NEW YORK (AFP) -The United States is hoping to convince its allies to back new sanctions against Syria in response to its purported role in destabilizing Lebanon and Iraq and supporting the radical Palestinian movement Hamas, US Secretary of State Condoleezza Rice said.
“We’re going to have to look at tougher measures if Syria continues to be on the path that it’s on,” Rice told The Wall Street Journal in an interview, the transcript of which was released Monday by the State Department.
The United States has accused Syria of backing anti-US insurgents in Iraq and of involvement in the 2005 assassination of former Lebanese prime minister Rafik Hariri.
It also says Syrian support for the radical Islamic militia Hezbollah in Lebanon was a factor in sparking the recent conflict with Lebanon, while Rice accused Damascus of undermining attempts to form a moderate Palestinian government by backing rejectionists inside Hamas.
In the interview with The Wall Street Journal and another given to The New York Times, Rice said the Syrians had effectively entered into an alliance with Iran, which she also accused of destabilizing the region through its support for Hezbollah, Hamas and Iraqi insurgents.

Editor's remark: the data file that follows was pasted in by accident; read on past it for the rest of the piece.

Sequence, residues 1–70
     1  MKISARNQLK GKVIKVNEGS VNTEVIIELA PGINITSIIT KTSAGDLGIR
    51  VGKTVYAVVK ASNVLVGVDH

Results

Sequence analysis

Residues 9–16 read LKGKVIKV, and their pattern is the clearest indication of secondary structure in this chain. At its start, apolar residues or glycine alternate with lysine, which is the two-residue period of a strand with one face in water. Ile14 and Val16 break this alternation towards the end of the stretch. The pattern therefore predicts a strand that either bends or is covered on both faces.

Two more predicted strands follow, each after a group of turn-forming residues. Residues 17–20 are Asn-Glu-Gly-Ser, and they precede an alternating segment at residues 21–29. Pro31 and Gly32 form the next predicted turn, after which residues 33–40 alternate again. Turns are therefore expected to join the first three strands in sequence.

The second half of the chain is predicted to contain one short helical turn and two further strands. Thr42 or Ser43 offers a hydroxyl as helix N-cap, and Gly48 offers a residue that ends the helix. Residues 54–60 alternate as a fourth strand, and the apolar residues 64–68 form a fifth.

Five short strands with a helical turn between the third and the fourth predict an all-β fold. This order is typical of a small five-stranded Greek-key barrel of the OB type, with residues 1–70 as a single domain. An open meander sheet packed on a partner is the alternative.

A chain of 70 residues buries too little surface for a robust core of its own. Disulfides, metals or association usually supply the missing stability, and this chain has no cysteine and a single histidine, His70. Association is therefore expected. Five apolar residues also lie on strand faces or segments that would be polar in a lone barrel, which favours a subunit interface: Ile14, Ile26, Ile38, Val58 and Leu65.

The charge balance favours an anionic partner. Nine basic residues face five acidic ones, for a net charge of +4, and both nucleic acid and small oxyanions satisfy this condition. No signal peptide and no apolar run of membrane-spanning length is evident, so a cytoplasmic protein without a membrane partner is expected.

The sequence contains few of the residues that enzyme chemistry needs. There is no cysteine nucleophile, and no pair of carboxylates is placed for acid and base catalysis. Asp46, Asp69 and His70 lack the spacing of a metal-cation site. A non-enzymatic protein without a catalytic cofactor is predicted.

“The Syrians look as if they’ve made their choice and their choice is to associate with extremist forces in Iran, not with their … traditional partners like the Arab states,” she told the Journal.
US President George W. Bush extended in May a ban on some US exports to Syria, including military equipment, and renewed a freeze on the accounts of Syrians accused of supporting terror organizations.
Last month the Treasury blacklisted two senior Syrian intelligence officials, accusing them of sponsoring terrorism and destabilizing Lebanon.
Asked why Washington has only used relatively mild sanctions against Syria, Rice suggested the US had been held back by the reticence of European and Arab allies.
“What we’d really like to do is we’d like to get some others to join us in other kinds of sanctions,” she said.
“And I think as Syria continues to show its stripes and isolate itself from its Arab friends, that may be somewhat easier to do,” she said.
Rice added that an ongoing UN probe into Hariri’s assassination, expected to provide evidence of Syria’s suspected involvment in the slaying, would add to the case for sanctions.
UN chief investigator Serge Brammertz submitted a preliminary report on the assassination Friday but has been given until June next year to wrap up the probe — a timeframe Rice suggested was too long.
“It’s important that the Brammertz investigation get moving,” she said, expressing the hope that the final report would be ready by the end of the year.
Rice did not elaborate on what further sanctions she though Syria should face, but noted that the European Union recently halted talks on an association agreement with Damascus.